Thoughts on Our Political 50/50

Election night, and Obama has just won his second term. While he trounced it in the electoral vote, the popular vote was nearly dead even. Which, when you think about it, is a really strange thing.

How is it that our nation has become so *perfectly* divided across tens of millions of votes, statistically speaking? Why not 48/52 (in either direction)? Or 40/60?. The perfect numbers split feels like the mathematical settling of a great pendulum, like Forces in Motion no longer in motion, like two bodies of water connected by a channel, finding their natural level. As if the system of checks and balances has counter-checked itself into submission. Like a left brain and a right brain connected by a corpus collosum. Both sides watch the red/blue map and wonder “Who are all these people who don’t see it my way? What drives them, what makes them tick?,” while really we’re just synapses in a global brain that’s finding its natural level. Not that that’s how I want it to be – of course I wish we didn’t have to fight for the environment, wish we didn’t have to fight for gay marriage, wish we didn’t have to fight to have a modicum of civilized health care, wish we didn’t have to fight to keep the middle class from vanishing. But regardless how I wish things were, just think it’s astonishing – almost magical – that we have settled into this perfect mathematical split. Feels like something deep and weird in the statistical nature of the world.

2 Replies to “Thoughts on Our Political 50/50”

  1. Of course, we now know that it wasn’t actually a perfect 50/50 split as it may have been as you watched this, but your point is still relevant.

    The day after the election I overheard a (very Republican) coworker bellyaching about the results. Normally I keep my mouth shut when I am subjected to the Fox News bubble noise (and I’m not trying to be inflammatory with that statement, he can be full-on birther, which is not a position I can rationalize with) coming out of his office, but I guess I felt particularly empowered that day.

    I heard him say “I don’t understand how these people can just believe what they are told…”, which is what caused me to gopher up out of my cubicle and say “You know, the possibility exists that everyone else just disagrees with you. The options are not limited to “you are correct” and “everyone else is an moron”.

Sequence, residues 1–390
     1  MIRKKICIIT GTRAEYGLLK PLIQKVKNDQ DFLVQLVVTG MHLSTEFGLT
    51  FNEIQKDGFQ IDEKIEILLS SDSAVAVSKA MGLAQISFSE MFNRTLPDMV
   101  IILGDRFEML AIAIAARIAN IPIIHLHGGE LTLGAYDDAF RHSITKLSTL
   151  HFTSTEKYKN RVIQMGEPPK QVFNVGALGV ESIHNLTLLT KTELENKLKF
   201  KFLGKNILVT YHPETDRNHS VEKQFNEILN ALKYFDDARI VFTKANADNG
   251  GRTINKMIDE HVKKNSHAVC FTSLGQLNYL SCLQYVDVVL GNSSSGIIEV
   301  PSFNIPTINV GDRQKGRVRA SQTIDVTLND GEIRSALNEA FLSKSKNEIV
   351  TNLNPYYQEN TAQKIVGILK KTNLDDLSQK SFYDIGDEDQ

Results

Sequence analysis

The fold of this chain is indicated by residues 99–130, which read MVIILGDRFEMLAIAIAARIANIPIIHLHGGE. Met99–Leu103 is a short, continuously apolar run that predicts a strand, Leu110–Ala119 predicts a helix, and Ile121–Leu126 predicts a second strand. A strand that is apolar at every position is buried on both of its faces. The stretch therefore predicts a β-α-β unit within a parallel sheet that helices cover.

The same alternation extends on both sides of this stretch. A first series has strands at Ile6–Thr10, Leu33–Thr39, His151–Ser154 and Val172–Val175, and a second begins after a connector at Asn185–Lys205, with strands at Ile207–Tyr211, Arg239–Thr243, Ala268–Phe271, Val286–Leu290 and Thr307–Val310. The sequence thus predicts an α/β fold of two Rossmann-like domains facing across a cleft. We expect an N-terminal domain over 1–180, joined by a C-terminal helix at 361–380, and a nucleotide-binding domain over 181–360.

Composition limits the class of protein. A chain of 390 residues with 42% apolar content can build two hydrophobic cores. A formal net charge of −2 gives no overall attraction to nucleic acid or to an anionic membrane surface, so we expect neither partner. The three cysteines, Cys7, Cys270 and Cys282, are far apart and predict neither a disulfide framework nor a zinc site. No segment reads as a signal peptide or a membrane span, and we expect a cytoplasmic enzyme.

I would love to say that this moved him somehow, but it just knocked him off balance for a few seconds before he started talking about Obama’s lack of experience. I pointed out that he now had 4 years of experience, and he said he was talking about 2008. I slumped back down into my cubicle.

    I believe there is some contrary core in the human psyche that needs these divisions, that thrives on them. The amount of schadenfreude I felt on election night as the far right realized what the outcome was going to be was immense. I do feel guilty about this, but only so much. I honestly long for the days of the Republican party that didn’t run on all the social/religious policy but instead was truly about fiscal conservatism. But with their focus on gay rights, immigration, etc, I feel like any success they have is a leap backwards for the country. If the Republican party was focused on small government and fiscal conservatism I don’t feel like it would feel like such a “life or death” issue if one of my candidates lost.

  2. Thanks for ackwnowledging that the point is a relevant one Sean – no one on Facebook did! I think it’s too remarkable to be pure coincidence but no one seems to agree!

    Obama’s lack of experience? Sheesh, that’s a new one on me. He’s had as much experience as any candidate in 2008, but to say that now? Yikes.

    I’ve been thinking about all of the excused the pubs are laying out for why they lost (Sandy, Orca blow-up, etc.) and what strikes me is that NONE of them are wondering whether it just might be, oh I don’t know, their beliefs and policies that are off-putting?

    I agree completely – fiscal disagreements I can see, but the desire to control our ways of life – especially in the midst of crying for small government – is mean-spirited, arrogant, and hypocritical.

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